AN blue chip companies roared ahead of their UK counterparts in 2012 after the Dax market index posted an increase almost five times the rise of the FTSE 100.
The German list of premier companies reported its biggest jump in almost a decade in 2012, up 29 per cent, despite continued bartering over the Greek economy and fears over Chinese and US growth.
But the UK’s FTSE 100 failed to match Germany’s runaway success, rising nearly six per cent following a mid-year blip in June when markets plunged following poor economic data from China and the US.
UK financial stocks have led the charge over the past 12 months, with state-backed Lloyds Banking Group and Royal Bank of Scotland rising 86 per cent and 61 per cent respectively.
Money managers have also had a good year, with new kid on the block Aberdeen Asset Management – which joined the index in March – jumping 73 per cent and Standard Life rising 61 per cent.
Both the FTSE and the Dax had previously surged to their highest peak for the year in mid-March, after a Greek deal on debt restructuring effectively secured a second bail out for the country. The FTSE 100 leapt to a high of 5,965 after the deal.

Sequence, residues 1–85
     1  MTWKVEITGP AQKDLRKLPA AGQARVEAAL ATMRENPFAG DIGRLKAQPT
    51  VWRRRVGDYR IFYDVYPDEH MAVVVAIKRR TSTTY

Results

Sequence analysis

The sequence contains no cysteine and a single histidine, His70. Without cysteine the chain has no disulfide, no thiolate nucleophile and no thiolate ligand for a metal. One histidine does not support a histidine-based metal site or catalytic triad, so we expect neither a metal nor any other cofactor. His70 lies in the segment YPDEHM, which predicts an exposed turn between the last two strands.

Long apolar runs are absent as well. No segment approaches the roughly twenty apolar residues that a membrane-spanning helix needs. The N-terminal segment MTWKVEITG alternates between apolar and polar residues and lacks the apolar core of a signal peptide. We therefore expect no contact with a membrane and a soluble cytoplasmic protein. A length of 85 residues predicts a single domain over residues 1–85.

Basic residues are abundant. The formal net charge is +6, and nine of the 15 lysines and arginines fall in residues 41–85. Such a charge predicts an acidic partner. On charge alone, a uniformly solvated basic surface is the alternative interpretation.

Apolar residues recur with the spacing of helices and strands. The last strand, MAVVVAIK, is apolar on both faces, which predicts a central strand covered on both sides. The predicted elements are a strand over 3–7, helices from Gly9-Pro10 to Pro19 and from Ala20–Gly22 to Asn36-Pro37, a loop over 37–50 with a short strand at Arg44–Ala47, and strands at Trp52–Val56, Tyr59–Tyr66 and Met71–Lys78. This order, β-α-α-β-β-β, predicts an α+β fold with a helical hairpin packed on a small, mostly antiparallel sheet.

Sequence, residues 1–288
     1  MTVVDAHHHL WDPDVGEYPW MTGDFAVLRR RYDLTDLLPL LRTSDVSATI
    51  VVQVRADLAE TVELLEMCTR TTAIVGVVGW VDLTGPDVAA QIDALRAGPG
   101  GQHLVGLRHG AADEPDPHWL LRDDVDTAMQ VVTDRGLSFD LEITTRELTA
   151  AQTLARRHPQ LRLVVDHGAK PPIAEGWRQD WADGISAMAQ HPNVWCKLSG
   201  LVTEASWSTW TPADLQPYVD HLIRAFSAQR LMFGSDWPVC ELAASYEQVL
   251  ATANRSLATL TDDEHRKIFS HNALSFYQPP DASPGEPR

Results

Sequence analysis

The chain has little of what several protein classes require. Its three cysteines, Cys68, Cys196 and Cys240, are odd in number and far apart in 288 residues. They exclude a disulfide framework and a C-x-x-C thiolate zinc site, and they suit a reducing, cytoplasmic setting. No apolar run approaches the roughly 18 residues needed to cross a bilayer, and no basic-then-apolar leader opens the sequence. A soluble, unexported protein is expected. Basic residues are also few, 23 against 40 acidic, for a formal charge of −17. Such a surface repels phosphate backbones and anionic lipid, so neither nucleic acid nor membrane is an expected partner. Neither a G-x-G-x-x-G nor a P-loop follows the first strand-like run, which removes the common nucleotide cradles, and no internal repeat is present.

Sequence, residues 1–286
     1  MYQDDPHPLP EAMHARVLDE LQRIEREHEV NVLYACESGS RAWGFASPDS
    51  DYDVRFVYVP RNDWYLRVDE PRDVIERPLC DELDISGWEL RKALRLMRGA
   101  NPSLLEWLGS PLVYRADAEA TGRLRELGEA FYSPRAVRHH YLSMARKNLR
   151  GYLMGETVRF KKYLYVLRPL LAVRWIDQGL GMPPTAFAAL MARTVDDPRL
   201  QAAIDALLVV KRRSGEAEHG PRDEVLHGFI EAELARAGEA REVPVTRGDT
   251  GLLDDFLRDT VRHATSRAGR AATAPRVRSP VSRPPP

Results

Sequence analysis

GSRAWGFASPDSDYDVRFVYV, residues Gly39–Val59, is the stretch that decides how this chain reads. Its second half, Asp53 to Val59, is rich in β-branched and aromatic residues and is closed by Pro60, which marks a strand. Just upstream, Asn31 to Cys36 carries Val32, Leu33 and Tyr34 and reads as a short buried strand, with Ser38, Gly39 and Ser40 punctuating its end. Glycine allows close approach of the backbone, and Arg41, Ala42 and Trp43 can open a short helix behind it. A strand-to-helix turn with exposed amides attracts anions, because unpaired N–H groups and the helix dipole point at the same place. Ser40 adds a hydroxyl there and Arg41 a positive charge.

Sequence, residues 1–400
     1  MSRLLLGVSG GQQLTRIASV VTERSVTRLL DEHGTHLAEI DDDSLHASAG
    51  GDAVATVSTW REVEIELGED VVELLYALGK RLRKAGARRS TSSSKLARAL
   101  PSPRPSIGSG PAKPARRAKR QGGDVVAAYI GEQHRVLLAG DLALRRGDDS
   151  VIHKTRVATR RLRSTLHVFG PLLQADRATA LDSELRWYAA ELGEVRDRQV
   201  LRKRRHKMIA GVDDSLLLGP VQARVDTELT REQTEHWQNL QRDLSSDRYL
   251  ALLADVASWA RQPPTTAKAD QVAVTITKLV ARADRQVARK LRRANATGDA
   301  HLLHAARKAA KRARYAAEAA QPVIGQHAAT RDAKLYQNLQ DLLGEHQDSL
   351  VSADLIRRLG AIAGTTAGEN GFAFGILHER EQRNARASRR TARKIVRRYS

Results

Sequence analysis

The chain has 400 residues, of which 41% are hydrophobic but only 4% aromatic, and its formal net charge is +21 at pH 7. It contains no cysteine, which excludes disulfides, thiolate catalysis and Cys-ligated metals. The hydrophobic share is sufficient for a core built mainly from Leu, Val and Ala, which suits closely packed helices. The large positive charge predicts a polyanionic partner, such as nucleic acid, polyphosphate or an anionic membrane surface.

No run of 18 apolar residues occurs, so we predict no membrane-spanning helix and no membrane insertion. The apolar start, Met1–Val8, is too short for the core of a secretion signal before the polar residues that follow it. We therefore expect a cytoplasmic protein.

But hopes the Greek deal would propel a rally were short lived as the FTSE 100 plummeted to its year-long low just three months later, hitting 5,260 after the release of poor Chinese manufacturing data and sluggish US economic growth spooked the market.
The dip proved a turning point for both indices as moves by the European Central Bank to assuage investors in July then helped foster an unbeaten run of consecutive gains for the next seven months.
This helped the 30-company Dax index pull away from the FTSE 100 in the final quarter of 2012 to post its 29 per cent annual gain, making it the best performing index in the developed world and its best since 2003.
In contrast to the FTSE’s financial services-led surge, the German increase came from its export-led motor sector, with BMW up 42 per cent, Volkswagen up 57 per cent and Continental surging 84 per cent.
Elsewhere in Europe, France’s Cac index increased 15.2 per cent over the year. The US Dow Jones index increased 7.3 per cent while the Japanese Nikkei nearly matched Germany, rising 22.9 per cent.